Notice, too, how Luke benefits from his Force skills until his time with Yoda. In the attack on the death star, on Hoth in the creature’s cave, and in his practice on the Millenium Falcon, he becomes more patient, more controlled, and more effective from his use of the Force. But after visiting Yoda on Degobah, he becomes cruel in Jabba’s palace, impatient in Cloud City, and confused on the death star as he battles the Emperor. He gets worse, not better, from his experiences…much like his father.
Part of the problem, of course, is that George Lucas had to write his prequels with a specific set of circumstances in mind for the end. But in making the characters fit the story, instead of the other way around, he has made the good Jedi short-sighted, impatient, and bitter as they age. Not a good selling point for the Padawan program, if you ask me. And the Sith become unbeatable, undiscernable, and irresistible until a sudden, unforeseen streak of sentiment at just the right moment causes the poster-child of Sithness to snap and give it all up.
Call me crazy, but I much prefer the rest of those movies: the space battles, the planets, the political issues in the Imperial Navy, the mechanical problems of the Millenium Falcon and the droids, the rescue of the princess (twice), the problem of frozen Han, Luke’s many injuries, and the noble courage of the Rebels. That’s fun to watch. The Force? I can’t figure it out, I can’t believe in it, and I can’t see that it’s even consistent in its own story.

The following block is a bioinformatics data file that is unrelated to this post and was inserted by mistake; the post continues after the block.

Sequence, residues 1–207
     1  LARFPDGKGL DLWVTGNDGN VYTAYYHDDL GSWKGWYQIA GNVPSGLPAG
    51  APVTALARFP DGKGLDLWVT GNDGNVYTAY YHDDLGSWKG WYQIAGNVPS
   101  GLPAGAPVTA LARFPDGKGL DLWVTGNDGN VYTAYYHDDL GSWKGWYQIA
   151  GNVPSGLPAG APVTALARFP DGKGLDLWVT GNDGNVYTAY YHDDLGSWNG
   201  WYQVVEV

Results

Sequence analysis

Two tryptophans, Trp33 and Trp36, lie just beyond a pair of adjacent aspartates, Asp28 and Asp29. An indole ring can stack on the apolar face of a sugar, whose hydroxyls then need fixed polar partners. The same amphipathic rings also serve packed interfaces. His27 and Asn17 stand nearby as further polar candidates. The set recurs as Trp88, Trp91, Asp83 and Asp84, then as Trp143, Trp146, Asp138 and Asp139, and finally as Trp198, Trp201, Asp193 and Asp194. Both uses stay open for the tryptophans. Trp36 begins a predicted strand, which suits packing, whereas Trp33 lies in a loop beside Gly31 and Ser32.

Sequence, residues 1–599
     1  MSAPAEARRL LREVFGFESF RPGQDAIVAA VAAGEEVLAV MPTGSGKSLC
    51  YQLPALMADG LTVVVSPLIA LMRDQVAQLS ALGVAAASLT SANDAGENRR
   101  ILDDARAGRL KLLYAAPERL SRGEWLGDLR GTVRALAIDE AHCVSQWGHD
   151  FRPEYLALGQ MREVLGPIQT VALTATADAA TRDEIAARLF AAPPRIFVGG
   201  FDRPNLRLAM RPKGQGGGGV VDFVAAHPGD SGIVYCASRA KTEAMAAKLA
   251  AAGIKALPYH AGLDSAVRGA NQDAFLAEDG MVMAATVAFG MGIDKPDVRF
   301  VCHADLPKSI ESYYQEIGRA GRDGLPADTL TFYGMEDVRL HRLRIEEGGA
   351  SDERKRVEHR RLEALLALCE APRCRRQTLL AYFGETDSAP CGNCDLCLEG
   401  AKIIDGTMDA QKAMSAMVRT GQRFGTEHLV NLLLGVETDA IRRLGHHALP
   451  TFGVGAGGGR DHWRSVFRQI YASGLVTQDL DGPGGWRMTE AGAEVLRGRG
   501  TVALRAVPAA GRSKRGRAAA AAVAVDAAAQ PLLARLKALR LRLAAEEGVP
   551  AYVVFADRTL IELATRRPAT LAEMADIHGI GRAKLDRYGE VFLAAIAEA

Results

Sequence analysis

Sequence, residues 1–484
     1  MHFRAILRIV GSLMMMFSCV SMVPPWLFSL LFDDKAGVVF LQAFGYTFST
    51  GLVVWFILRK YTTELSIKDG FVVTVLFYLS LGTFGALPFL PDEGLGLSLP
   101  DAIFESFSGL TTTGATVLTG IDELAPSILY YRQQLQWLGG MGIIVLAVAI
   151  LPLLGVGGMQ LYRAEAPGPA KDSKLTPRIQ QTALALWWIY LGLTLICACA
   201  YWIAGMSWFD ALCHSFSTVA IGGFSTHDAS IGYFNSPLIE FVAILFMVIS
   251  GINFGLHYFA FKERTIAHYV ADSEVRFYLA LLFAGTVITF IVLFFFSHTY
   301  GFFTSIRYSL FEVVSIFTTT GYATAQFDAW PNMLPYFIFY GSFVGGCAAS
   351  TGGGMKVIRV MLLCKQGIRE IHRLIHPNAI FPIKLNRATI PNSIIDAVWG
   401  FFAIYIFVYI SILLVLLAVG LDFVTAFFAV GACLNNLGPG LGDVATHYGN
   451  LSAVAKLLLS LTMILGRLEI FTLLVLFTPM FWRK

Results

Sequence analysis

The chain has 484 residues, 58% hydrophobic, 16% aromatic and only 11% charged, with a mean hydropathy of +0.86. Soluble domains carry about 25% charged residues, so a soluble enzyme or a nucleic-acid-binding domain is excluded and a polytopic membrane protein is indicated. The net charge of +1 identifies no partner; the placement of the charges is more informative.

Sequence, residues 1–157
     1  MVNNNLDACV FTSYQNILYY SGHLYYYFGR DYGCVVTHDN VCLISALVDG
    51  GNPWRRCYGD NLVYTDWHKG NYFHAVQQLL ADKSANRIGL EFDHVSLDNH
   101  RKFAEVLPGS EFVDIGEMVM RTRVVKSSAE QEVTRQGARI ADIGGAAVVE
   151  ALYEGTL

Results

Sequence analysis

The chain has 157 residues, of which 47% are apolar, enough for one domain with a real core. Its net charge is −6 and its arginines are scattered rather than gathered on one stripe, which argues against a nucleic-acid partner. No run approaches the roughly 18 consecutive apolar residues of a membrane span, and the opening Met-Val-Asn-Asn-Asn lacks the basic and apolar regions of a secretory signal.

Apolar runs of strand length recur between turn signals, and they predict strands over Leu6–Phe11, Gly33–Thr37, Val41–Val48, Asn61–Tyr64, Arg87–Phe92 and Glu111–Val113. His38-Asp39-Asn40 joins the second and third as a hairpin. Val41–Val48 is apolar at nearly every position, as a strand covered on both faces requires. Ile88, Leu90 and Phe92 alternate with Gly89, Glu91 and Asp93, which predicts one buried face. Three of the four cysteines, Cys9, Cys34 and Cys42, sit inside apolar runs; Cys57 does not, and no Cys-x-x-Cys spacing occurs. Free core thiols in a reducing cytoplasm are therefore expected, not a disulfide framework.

And then come the prequels. Let’s examine the Jedi. Qui-Gon has to be made clumsy to be killed by Darth Maul; Obi-Wan has to be made impatient and frustrated with Anakin; and all the others have to be killed off by surprise because they’re stupid. Again, not a selling point for the Padawan program. And then the writers of all the stories between the prequels have to resurrect Darth Maul…(sigh) My suspension of disbelief has been permanently damaged. To bring back an ugly villain after the hero killed him most decisively is to admit that the story is no longer the goal; making a quick buck is the obvious goal here. I was willing to give the benefit of the doubt for the prequels, but this is too much.
Now my children are memorizing the names of characters from the years between episodes 3 and 4…which don’t need any stories, thanks. And then, there’s all the Legos…
Lego has shown us just how to be the most successful merchandising firm ever. Period. They are the best at what they do. The problem is that, like Star Wars story-lines, they are becoming so ubiquitous in so many story lines as to become annoying, to be avoided rather than sought after. This is dangerous territory; they should learn from the failures of Luke and Anakin. Don’t go messing with a good thing; learn what makes it good, and learn a little balance. Isn’t that what Yoda was always promoting? “ConcenTRAAAAATE!!”
I’ve decided to separate myself and my family from the Star Wars culture. It reminds me of the Death Star’s tractor beam, the Sarlac pit, and the Dark Side itself. So I’m punching in coordinates for a new rendezvous point with the faithful, and kicking in the hyperdrive. I’m blowing this thing so we can go home. And I will make it past the first marker, thank you. See you there.